15. 15. Our Brains on Unfairness Brain Scan after “unfair” offer ($1-$4) Brain Scan after “fair” offer ($8-$10) Sanfey, Rilling et al, Science (March 2003) conflict disgust disgust planning
  16. 16. How to manage their Insula? 
 Using the Copy Machine 1. Long lines at the copy machine 2. How do you get someone to let you cut in front? “ Excuse me, I have 5 pages. May I use the Xerox machine?” 60% say YES “ Excuse me, I have 5 pages. May I use the Xerox machine because I have to make copies?” 93% say YES JUSTIFICATION
  17. 17. The Midpoint Rule Average of First Offer/Counter-Offer FinalDealPrice 40 48 55 63 70 30 40 50 60 70 R² = 0.5442
  18. 18. Ahhh… so just split the difference and we’re done?
  19. 19. How to promote compromise? RECIPROCITY 20.7% 23.3% 40.7% 1. A national trade association for construction subcontractors 2. Needs to survey all members – so it mails out questionnaires 3. How do you increase the response rate? Response Rate I: Questionnaire II: Questionnaire + $50 payment if questionnaire returned III: Questionnaire, with $1 bill enclosed
  20. 20. What else can we do? A $20 question… 1. Which of these would make you happier? ▪ Scenario A: You are walking down the street and find a $20 bill. ▪ Scenario B: You are walking down the street and find a $10 bill. The next day, as you are walking on a different street, you find another $10 bill. 2. Which of these would make you less unhappy? ▪ Scenario A: You open your wallet and discover you have lost a $20 bill. ▪ Scenario B: You open your wallet and discover you have lost a $10 bill. The following day, you lose another $10 bill. Many small concessions Fewer large demands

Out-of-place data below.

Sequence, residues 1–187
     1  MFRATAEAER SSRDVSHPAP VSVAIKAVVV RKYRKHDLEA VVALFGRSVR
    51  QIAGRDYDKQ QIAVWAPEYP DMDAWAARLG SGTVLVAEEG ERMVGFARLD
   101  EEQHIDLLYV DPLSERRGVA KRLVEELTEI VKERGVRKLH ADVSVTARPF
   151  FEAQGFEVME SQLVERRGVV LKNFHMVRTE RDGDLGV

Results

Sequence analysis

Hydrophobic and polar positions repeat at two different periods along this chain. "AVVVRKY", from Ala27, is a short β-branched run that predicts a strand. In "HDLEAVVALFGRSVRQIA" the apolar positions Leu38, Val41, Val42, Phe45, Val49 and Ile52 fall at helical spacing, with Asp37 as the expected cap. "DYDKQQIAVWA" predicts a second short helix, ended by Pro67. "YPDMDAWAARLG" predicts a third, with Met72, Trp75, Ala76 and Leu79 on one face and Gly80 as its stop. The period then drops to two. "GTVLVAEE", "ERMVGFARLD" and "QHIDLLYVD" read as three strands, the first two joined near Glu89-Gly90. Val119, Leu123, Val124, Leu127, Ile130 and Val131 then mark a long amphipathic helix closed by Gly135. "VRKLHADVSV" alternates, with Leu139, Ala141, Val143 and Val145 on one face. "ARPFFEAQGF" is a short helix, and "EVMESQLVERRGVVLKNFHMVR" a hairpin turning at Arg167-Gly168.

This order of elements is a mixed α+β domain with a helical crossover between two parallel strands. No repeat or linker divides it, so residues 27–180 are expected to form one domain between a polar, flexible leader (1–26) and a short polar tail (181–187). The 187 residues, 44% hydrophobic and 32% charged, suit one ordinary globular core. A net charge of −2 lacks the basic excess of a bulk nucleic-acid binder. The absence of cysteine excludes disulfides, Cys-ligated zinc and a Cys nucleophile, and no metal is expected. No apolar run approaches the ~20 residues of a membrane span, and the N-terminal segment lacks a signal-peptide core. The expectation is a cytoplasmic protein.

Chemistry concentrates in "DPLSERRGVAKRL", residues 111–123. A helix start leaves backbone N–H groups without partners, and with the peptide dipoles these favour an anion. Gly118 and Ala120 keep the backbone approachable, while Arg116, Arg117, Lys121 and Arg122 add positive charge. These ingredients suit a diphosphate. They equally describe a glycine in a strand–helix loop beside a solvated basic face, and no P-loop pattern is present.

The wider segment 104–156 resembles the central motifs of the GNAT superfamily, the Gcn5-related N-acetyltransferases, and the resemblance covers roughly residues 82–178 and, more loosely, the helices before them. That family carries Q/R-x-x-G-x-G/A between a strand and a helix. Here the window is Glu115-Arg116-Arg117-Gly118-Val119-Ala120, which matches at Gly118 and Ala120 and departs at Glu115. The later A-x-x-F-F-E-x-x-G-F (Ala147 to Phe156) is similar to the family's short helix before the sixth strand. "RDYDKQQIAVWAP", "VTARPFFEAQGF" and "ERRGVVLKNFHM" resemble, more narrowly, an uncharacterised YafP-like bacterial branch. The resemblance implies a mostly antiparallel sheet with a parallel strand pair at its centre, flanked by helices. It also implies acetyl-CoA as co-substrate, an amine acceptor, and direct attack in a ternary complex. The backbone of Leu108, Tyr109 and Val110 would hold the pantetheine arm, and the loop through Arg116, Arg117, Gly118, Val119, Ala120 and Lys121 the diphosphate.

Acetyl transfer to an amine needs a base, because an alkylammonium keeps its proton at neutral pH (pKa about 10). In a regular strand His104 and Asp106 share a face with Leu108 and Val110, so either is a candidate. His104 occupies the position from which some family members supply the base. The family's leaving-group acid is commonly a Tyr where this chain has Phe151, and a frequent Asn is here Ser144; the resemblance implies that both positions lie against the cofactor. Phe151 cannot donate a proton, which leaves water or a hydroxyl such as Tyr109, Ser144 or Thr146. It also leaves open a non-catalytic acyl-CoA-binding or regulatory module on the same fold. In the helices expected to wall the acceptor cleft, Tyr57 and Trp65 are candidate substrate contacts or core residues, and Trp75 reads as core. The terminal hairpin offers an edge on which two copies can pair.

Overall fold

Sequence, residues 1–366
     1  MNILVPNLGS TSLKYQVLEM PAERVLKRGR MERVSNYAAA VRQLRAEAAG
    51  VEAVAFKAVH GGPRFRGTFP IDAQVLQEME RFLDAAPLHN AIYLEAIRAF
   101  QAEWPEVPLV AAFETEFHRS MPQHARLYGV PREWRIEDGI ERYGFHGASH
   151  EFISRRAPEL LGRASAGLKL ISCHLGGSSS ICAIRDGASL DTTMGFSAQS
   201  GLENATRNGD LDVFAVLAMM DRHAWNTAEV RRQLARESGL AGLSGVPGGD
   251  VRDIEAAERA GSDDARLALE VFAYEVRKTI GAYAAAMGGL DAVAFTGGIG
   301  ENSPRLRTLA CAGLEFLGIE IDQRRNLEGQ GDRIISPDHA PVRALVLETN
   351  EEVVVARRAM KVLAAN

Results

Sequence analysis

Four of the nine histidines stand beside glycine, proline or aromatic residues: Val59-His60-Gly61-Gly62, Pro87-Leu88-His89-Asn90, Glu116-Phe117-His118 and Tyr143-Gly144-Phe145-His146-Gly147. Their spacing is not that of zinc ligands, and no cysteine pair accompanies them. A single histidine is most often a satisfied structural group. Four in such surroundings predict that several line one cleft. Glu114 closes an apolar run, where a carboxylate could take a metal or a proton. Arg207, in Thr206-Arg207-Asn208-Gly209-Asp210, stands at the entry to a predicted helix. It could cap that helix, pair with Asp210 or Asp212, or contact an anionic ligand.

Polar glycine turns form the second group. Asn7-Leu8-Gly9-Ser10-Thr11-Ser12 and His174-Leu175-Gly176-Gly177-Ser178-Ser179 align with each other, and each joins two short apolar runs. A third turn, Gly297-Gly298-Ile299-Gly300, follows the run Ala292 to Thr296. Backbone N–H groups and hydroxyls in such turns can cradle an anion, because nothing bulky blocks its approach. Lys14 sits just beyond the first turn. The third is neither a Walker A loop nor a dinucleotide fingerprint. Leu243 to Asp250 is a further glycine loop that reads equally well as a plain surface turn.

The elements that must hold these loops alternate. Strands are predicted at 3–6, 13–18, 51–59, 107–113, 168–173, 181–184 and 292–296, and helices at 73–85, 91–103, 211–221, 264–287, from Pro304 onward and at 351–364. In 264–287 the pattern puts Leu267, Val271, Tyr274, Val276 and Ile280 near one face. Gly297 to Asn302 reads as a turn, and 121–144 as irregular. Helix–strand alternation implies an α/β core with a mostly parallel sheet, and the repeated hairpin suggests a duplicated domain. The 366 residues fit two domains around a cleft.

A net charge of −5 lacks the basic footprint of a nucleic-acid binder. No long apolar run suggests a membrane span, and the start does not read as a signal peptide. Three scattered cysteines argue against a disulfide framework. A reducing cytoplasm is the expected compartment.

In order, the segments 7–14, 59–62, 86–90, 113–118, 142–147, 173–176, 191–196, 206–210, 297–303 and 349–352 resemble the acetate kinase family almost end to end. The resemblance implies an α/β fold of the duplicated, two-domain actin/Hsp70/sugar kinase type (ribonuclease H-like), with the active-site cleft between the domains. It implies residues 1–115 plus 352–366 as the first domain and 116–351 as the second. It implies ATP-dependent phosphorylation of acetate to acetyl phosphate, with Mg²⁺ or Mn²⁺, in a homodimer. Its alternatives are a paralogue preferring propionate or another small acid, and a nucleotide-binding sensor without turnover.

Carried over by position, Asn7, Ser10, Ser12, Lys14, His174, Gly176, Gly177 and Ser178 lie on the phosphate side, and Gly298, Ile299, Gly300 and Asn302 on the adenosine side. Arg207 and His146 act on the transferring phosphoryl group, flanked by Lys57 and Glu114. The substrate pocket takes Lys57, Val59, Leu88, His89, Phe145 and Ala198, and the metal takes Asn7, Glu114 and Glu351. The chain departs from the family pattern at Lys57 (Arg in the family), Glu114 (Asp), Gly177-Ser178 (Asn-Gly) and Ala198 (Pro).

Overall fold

21. 21. Claiming value in your negotiation: ▪ Find the value opportunity ▪ Assess the ZOPA ▪ What are your alternatives? ▪ How would you value your Best Alternative? (Point of indifference) ▪ What’s your best guess at your counterpart’s best alternative ▪ Is there a negotiation range (ZOPA)? ▪ Set a target (flexible based on learning) ▪ Learn ▪ Identify learning objectives (assumptions to be tested) ▪ Ask questions (specific and open-ended) ▪ Probe (and watch!) for consistency ▪ Test with contingencies
  22. 22. Claiming value in your negotiation: ▪ Find the Value Opportunity ▪ Avoid Emotional Traps (when counterpart’s motivation to hurt you exceeds their motivation to help themselves) ▪ People are not simply “economically rational” ▪ Often at play when standards of fairness are compromised ▪ Aggressive, unsupportable proposals ▪ Questionable tactics ▪ Lying ▪ Threats (Power plays often lead to escalation)
  23. 23. Claiming value in your negotiation: ▪ Prepare & Learn ▪ Avoid Emotional Traps ▪ Shape Perceptions ▪ First Offers ▪ Anchor (if you are not “information challenged”) ▪ Aggressive, but ▪ Justifiable (to avoid emotional traps) ▪ Counter Offers ▪ Midpoint rule ▪ Concession Pattern ▪ Remember reciprocity… give a little to get more ▪ Aggregate demands ▪ Separate concessions ▪ Diminishing concessions ▪ Establish the Frame
  24. 24. Claiming value in your negotiation: ▪ Prepare & Learn ▪ Avoid Emotional Traps ▪ Shape Perceptions ▪ What about the Relationship?
  25. 25. Final Deal Price vs Buyer Happiness BuyerHappiness Final Price 0 1 3 4 5 40 45 50 55 60 R² = 0.0082
  26. 26. Final Deal Price vs Seller Happiness SellerHappiness Final Price 0 1 3 4 5 40 45 50 55 60 R² = 0.0247
  27. 27. Claiming value in your negotiation: ▪ Prepare & Learn ▪ Avoid Emotional Traps ▪ Shape Perceptions ▪ Understand your relationship goals ▪ You may see them again… how likely? ▪ Outcome and relationship are often uncorrelated ▪ You can give big discounts and still have a bad relationship! ▪ Process often trumps outcome in building relationships